Out of respect the privacy of the individuals whom we met and with whom we worked, I will only post a few pictures here. Here is a summary of what we accomplished:
1. We replaced the flooring in the living room and kitchen of one house. A couple joists were rotted through in the kitchen, so we also had to replace those.
2. We rewired two houses so the owners could have light in the bathrooms.
3. We repainted the living room in the first house and the stairs in the parsonage.
4. We donated the remainder of our unused budgeted money to the pastor's discretionary fund, which will help people pay their utility bills in coming months; directly to two families who don't have enough to buy groceries and rely on the kindness of neighbors; and to the local day-care center.
5. Our unused groceries from the week went to the Ojo Food Pantry.
A word on stereotypes of Native Americans: While we only worked with Navajo, and only with a select group of individuals, I found that once you approach these people without expectations of nobility, alcoholism, laziness, or some inherent wisdom, then they do in fact emerge simply as people.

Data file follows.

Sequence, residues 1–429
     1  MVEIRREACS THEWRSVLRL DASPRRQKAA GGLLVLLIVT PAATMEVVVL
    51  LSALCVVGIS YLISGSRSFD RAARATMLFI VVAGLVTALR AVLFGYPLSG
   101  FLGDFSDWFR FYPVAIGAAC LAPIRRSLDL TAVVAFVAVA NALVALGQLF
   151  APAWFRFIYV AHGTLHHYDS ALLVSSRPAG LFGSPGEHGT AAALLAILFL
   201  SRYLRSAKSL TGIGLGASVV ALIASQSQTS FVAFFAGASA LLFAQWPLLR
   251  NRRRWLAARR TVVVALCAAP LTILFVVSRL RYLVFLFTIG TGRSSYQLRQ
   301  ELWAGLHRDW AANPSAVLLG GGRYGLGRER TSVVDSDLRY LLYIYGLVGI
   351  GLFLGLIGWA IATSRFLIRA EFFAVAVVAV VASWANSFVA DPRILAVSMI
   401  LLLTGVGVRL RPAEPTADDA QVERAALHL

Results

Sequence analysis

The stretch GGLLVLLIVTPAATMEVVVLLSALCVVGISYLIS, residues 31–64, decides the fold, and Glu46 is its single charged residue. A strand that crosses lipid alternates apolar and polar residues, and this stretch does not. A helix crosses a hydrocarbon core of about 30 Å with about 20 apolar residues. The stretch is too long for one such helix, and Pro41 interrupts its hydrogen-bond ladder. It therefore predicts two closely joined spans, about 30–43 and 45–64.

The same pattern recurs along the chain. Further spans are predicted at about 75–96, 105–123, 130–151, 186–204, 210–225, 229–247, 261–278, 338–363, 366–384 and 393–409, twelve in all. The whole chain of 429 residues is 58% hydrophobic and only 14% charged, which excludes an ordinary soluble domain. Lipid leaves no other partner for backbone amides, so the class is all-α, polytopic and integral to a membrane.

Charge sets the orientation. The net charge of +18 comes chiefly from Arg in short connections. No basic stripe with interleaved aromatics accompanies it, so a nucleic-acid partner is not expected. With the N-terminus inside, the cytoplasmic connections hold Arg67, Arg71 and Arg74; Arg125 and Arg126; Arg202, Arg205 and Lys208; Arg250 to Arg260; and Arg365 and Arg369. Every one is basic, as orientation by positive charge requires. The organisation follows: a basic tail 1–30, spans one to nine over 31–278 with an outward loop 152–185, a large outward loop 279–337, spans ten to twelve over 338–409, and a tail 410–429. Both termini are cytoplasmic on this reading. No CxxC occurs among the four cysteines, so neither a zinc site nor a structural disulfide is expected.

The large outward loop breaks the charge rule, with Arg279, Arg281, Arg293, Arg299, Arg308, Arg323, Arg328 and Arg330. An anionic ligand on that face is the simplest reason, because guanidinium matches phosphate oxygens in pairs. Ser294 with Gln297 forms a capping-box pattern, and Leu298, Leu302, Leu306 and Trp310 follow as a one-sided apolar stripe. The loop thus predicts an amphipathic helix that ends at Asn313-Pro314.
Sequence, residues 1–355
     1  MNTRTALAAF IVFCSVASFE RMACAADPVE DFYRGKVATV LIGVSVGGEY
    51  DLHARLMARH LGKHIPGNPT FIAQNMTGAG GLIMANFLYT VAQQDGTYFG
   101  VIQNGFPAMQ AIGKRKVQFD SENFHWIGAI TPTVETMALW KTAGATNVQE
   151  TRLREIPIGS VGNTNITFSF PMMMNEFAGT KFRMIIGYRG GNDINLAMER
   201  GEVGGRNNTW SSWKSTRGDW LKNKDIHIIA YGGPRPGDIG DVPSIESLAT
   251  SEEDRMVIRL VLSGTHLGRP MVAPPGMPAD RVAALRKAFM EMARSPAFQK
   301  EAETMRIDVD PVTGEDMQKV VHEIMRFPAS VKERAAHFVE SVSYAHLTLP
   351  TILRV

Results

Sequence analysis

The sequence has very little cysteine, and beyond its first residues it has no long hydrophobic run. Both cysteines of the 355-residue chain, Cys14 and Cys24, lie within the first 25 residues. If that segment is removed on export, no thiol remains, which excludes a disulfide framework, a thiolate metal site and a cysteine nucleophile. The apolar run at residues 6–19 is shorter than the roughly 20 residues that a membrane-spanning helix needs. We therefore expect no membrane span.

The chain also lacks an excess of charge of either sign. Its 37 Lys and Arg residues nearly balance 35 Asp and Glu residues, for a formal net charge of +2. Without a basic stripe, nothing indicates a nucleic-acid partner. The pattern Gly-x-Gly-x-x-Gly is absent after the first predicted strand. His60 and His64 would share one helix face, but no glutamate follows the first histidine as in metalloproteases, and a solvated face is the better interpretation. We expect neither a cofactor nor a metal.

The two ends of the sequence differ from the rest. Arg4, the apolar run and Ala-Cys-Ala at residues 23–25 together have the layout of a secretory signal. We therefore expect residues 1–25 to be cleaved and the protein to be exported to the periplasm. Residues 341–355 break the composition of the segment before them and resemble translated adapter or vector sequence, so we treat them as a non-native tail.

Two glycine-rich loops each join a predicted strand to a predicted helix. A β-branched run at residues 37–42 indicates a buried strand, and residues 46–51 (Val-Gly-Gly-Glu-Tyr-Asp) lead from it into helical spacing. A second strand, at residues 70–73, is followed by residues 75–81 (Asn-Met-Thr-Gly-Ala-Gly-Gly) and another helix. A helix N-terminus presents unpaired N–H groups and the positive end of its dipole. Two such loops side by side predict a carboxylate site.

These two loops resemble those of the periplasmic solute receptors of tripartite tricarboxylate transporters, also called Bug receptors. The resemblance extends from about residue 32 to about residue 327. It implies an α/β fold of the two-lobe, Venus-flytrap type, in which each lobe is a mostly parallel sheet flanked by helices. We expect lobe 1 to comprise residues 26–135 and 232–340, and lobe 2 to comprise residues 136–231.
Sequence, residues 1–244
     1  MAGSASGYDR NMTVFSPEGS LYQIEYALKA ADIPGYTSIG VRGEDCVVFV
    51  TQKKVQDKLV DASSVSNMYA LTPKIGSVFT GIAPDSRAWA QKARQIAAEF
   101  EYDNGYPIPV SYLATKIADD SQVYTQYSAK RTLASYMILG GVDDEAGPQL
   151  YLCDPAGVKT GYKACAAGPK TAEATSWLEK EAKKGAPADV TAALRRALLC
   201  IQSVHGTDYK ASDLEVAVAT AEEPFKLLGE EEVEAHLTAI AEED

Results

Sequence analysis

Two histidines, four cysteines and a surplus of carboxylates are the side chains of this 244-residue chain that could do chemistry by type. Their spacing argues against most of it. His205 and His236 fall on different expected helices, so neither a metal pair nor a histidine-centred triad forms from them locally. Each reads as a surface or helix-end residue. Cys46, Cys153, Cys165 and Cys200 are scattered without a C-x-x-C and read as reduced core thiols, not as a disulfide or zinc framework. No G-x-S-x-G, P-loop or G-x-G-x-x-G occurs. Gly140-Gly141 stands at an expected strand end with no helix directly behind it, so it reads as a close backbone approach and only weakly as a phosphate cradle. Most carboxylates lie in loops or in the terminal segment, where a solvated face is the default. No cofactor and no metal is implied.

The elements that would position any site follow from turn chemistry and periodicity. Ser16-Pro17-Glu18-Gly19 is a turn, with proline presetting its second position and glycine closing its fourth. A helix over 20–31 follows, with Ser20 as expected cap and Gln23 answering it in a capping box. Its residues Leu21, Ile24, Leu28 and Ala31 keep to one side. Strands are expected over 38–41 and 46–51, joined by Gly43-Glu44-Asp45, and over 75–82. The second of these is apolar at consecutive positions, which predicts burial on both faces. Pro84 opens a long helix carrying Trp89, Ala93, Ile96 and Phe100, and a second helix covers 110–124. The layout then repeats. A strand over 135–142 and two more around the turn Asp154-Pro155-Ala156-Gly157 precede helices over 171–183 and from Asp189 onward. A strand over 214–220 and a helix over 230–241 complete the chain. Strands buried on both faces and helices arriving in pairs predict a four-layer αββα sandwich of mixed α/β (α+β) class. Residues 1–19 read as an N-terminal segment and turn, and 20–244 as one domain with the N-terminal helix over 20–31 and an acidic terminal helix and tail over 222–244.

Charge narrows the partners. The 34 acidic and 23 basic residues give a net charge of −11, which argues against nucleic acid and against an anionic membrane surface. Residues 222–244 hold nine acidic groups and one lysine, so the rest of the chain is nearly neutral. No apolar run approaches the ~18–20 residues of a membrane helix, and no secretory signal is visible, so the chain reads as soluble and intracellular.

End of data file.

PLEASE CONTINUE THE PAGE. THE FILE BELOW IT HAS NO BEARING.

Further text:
The people we met care for their families. They have a wicked sense of humor. They laugh a lot. They speak quietly. They are patriotic Americans (albeit with some justified suspicions of the federal government). There are discarded appliances in the yards, but that's also true in San Francisco. There is trash on the reservation, but there was more on the roadside in West Texas.
Mainstream America has many misconceptions about the many native tribes of this country. It's a shame to dismiss them as undeserving of basic respect.
And, bonus: I found lots of yarn for sale in bulk at the local trading post. All this - a whole pound of wool - for $16.99!!
Dude: if only I'd had more room in my luggage.